Prosecutors Have Prepared Indictment of Julian Assange, a Filing Reveals
The Justice Department has prepared an indictment against the WikiLeaks founder, Julian Assange, marking a drastic escalation of the government's yearslong battle with him and his anti-secrecy group. It was not clear if prosecutors have filed charges against Mr. Assange. The indictment came to light late Thursday through an unrelated court filing in which prosecutors inadvertently mentioned charges against him. "The court filing was made in error," said Joshua Stueve, a spokesman for the United States attorney's office for the Eastern District of Virginia. "That was not the intended name for this filing."
[...] Seamus Hughes, a terrorism expert at George Washington University who closely tracks court cases, uncovered the filing and posted it on Twitter.
A Justice Department spokesman declined to say on Thursday what led to the inadvertent disclosure. It was made in a recently unsealed filing in an apparently unrelated sex-crimes case charging a man named Seitu Sulayman Kokayi with coercing and enticing an underage person to engage in unlawful sexual activity. Mr. Kokayi was charged in early August, and on Aug. 22, prosecutors filed a three-page document laying out boilerplate arguments for why his case at that time needed to remain sealed.
While the filing started out referencing Mr. Kokayi, federal prosecutors abruptly switched on its second page to discussing the fact that someone named "Assange" had been secretly indicted, and went on to make clear that this person was the subject of significant publicity, lived abroad and would need to be extradited — suggesting that prosecutors had inadvertently pasted text from a similar court filing into the wrong document and then filed it.
"Another procedure short of sealing will not adequately protect the needs of law enforcement at this time because, due to the sophistication of the defendant and the publicity surrounding the case, no other procedure is likely to keep confidential the fact that Assange has been charged," prosecutors wrote. They added, "The complaint, supporting affidavit, and arrest warrant, as well as this motion and the proposed order, would need to remain sealed until Assange is arrested in connection with the charges in the criminal complaint and can therefore no longer evade or avoid arrest and extradition in this matter."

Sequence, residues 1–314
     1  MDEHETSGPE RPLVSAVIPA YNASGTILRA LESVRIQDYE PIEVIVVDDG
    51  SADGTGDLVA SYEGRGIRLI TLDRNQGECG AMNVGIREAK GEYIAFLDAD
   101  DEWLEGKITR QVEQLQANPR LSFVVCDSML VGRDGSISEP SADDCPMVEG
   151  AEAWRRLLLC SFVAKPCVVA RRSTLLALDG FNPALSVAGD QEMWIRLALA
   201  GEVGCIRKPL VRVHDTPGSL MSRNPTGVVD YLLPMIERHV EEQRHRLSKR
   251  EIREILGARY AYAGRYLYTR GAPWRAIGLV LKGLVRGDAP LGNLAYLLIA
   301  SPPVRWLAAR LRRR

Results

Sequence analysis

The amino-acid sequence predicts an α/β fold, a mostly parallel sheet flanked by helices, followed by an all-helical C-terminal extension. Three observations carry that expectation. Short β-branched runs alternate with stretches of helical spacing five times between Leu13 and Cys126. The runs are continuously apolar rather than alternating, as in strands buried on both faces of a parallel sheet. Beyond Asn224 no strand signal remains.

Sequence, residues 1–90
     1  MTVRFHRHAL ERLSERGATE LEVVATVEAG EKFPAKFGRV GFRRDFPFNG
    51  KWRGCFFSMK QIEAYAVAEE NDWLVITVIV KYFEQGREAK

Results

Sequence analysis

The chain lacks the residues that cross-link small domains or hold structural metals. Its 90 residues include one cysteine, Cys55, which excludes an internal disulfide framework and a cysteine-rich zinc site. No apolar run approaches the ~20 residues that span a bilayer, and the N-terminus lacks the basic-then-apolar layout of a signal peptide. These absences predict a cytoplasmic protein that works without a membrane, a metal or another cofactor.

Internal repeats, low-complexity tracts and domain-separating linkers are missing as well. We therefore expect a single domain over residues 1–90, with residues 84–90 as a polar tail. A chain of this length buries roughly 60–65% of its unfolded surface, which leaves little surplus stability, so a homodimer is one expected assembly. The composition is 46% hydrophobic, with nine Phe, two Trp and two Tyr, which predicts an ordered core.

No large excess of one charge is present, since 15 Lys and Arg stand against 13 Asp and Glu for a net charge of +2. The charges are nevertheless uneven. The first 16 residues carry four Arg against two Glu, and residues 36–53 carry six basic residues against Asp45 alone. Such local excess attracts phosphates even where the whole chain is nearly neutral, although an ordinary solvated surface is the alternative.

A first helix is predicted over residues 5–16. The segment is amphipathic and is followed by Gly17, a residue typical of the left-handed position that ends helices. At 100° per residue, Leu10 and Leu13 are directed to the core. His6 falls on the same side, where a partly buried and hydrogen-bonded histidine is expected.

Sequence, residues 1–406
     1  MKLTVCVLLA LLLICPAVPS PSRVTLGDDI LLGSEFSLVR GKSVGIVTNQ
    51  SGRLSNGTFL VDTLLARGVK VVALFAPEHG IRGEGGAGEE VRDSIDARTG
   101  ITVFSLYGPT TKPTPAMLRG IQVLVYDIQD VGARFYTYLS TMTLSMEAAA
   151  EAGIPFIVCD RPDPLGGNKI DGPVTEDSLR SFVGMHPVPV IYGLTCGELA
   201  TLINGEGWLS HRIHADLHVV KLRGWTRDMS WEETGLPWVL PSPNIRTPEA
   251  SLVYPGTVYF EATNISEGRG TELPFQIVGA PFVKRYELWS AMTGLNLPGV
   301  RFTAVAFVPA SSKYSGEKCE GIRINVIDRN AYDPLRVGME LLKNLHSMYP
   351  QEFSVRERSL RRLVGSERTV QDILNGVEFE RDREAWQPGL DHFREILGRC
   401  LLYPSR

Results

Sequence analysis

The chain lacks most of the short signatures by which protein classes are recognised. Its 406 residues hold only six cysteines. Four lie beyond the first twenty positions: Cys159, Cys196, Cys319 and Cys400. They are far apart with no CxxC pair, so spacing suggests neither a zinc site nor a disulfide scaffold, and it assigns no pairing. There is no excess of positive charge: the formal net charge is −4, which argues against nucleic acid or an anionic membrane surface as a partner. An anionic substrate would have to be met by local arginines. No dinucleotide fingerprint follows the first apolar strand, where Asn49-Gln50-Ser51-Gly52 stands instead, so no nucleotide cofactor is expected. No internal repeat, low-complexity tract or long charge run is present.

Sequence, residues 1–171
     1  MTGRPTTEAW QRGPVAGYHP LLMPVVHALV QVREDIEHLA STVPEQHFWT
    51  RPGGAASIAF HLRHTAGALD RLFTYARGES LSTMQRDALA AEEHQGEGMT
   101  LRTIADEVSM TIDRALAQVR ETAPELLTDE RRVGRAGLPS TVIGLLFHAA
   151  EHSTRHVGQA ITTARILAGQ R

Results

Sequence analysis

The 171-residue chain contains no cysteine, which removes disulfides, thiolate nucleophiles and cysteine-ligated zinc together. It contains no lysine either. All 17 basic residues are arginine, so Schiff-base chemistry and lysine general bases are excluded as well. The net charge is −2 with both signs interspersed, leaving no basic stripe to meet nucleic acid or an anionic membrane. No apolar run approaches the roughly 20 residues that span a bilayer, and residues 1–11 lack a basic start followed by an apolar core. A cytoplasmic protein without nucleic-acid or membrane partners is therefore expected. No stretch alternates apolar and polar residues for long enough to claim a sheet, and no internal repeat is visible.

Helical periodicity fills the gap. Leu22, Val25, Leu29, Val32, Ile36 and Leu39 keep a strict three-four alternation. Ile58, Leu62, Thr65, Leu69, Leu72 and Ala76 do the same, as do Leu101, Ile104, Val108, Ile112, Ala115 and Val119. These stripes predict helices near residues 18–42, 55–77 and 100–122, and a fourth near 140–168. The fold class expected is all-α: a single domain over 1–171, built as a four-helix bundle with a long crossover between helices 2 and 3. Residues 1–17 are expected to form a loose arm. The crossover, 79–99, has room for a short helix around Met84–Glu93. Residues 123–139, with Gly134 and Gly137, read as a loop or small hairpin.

Also at The Guardian, The Washington Post, MarketWatch, and The New Republic.
Previously: Prominent Whistleblowers and Journalists Defend Julian Assange at Online Vigil
Ecuador Reportedly Almost Ready to Hand Julian Assange Over to UK Authorities
DNC Serves WikiLeaks Lawsuit Over Twitter; US Senate Invites Assange to Testify for Russia Probe
The Guardian: Russian Diplomats Planned to Sneak Julian Assange Out of the UK
Julian Assange Sues Ecuador for "Violating His Fundamental Rights"
UK Said Assange Would Not be Extradited If He Leaves Embassy Refuge
(Score: 2) by Mykl on Monday November 19 2018, @03:12AM (1 child)
To claim on one hand that Assange can be charged under US law and then on the other hand to say that US legal protections don't apply to him is trying to have your cake and eat it.
Then again, US courts will charge a minor as an adult for taking a nude photo of themselves (so legally they are both a minor and adult at the same time), so it's hard to argue that there's no precedent for stupidity on this one.
(Score: 1) by khallow on Monday November 19 2018, @02:51PM
Current extradition requires that the act be a crime in both countries and that the defendant will receive the legal protections that he is due as considered by the country from which the defendant would be extradited. This coy game of not properly providing the full constitutional rights, would then be a valid justification for denying future extraditions to the US. That's merely one example of how this can backfire.
We also have the specter of prosecutor shopping where people are extradited to countries with favorable (to the prosecutor) laws for punishing the defendant. Disparage Islam in public? You just might be seeing Saudi, Pakistani, or Indonesian prosecutors in your future as your government rids itself of a nettlesome critic.
And I have to roll my eyes again at the AC who started this thread. He or she clearly hasn't thought through the many ways this derails the rule of law and democracy, despite protests to the contrary.